Many of us know the frustration of an itchy rash, but for people with diabetes, this itch can be more than just annoying – it can be linked to anxiety and depression. A recent study published in a renowned medical journal Biology found that diabetic individuals patients experiencing itchiness were 6 times more likely to have anxiety compared to those without it. And while depression wasn’t quite as prevalent, it still affected 7.6% of itchy patients compared to only 1.4% in the non-itchy group (4).These findings highlight a concerning connection between skin issues and mental well-being in patients with Non-Insulin Dependant Diabetes.

Economic Impact of Chronic Itch Are In Billions of USD $

While the social ramifications of chronic itch are often experienced in isolation and shame, the true impact goes much deeper. Studies reveal a significant decrease in quality of life (QoL) for individuals struggling with this persistent condition. Even conservative estimates, based on willingness-to-pay models, show a substantial economic burden of $274,921 per individual over their lifetime (5). Another medical publication noted that patients suffering from chronic skin itch pay an average of $1,067 in direct and indirect healthcare costs each year including spending on things such as medical visits, including tests, procedures, medications, and transportation costs (6).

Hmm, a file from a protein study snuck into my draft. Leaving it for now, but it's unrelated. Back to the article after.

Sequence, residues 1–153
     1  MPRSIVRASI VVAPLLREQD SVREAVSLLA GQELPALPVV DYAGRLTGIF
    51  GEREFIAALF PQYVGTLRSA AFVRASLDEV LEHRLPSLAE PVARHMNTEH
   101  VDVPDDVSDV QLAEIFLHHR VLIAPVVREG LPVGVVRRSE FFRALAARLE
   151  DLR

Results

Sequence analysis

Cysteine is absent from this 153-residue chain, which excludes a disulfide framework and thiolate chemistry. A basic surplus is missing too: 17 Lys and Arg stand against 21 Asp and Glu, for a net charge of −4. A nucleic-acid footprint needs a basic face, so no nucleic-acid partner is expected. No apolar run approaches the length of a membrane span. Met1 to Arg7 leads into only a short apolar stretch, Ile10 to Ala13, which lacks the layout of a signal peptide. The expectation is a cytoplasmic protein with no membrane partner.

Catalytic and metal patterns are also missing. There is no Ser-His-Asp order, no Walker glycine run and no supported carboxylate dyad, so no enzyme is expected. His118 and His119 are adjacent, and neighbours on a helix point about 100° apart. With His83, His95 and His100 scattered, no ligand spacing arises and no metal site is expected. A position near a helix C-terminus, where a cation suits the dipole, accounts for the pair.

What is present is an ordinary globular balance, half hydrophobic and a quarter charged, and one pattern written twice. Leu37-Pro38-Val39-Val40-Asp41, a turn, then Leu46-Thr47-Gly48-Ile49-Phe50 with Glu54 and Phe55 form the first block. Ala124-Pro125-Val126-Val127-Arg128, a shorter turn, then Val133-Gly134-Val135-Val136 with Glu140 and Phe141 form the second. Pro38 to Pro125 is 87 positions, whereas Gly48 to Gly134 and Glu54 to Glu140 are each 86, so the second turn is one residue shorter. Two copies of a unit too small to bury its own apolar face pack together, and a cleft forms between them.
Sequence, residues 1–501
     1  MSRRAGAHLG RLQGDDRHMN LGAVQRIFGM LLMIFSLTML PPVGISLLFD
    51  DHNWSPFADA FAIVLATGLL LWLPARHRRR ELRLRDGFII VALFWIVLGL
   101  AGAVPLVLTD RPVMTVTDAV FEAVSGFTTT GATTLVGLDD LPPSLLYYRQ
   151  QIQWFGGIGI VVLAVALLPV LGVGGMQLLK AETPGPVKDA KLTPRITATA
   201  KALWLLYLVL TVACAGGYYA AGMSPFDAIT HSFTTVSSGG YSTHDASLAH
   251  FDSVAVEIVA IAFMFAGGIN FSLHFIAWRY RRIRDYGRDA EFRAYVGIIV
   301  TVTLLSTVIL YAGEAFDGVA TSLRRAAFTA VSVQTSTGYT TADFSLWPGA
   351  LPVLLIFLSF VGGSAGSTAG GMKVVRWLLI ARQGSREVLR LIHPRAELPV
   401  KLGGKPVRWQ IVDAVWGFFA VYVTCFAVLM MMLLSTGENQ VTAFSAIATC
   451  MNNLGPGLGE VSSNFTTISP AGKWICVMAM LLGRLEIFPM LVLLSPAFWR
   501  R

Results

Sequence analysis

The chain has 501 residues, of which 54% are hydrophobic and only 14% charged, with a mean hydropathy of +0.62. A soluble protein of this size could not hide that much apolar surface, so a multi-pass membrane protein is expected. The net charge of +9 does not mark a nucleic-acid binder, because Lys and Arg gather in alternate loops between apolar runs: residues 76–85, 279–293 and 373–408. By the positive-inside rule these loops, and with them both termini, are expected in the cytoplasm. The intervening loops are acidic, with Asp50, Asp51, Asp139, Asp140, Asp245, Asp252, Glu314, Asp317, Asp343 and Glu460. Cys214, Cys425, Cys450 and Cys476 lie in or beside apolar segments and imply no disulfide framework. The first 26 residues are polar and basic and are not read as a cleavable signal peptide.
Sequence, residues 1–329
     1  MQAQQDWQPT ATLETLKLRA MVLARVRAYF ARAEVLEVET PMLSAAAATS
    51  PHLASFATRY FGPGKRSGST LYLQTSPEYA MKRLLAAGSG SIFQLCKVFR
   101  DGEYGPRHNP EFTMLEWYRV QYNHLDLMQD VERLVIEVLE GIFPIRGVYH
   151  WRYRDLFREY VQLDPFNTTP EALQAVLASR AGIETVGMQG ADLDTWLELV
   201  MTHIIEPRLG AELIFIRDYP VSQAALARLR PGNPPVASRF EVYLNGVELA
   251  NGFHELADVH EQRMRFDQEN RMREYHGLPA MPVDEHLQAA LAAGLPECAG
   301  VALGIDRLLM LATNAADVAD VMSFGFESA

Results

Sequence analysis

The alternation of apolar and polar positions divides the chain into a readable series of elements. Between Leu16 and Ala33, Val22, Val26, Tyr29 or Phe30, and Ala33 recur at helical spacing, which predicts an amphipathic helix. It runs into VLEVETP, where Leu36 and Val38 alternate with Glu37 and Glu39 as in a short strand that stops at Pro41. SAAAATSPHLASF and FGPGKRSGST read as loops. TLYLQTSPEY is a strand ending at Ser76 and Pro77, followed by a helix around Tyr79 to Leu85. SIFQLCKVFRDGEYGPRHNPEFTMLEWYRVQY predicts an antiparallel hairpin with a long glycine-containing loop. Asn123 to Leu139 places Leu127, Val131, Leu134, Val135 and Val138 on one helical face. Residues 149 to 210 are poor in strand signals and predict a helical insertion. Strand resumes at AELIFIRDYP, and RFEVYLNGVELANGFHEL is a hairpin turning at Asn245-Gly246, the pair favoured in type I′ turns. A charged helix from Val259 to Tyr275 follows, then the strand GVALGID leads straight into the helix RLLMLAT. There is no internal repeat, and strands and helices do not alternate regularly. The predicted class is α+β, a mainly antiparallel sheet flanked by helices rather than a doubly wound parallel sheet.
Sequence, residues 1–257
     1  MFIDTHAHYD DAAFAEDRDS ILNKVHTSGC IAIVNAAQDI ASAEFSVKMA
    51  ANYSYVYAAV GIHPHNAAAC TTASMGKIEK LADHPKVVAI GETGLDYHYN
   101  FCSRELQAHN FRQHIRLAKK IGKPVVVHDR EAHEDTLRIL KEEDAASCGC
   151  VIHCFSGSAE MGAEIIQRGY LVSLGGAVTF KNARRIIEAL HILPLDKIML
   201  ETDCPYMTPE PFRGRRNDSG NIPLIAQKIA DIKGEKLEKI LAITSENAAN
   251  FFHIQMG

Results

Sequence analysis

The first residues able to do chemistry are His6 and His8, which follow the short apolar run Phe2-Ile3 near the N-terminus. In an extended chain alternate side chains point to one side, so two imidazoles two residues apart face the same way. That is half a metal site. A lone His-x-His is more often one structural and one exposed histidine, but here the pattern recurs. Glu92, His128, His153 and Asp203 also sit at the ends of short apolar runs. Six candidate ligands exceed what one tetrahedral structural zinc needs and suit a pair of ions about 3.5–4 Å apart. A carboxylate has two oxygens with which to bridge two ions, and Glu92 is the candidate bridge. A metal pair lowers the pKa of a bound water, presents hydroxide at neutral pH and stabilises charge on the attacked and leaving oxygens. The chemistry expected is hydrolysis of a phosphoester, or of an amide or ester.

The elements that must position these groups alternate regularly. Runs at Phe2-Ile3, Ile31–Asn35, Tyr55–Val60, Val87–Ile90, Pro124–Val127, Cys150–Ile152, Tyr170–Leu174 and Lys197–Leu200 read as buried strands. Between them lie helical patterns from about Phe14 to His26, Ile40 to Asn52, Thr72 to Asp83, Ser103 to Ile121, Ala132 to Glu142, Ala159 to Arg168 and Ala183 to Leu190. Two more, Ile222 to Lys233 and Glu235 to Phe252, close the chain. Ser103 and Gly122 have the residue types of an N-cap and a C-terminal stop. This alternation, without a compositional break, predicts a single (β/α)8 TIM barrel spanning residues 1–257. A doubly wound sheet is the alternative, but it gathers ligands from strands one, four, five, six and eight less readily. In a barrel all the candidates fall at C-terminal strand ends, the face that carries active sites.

What Causes Itching In Diabetic Patients

There are numerous causes of of skin itch in  individuals with diabetes and some people may observe more severe symptoms  than others. The following are the some common reasons for skin itching in persons with diabetes.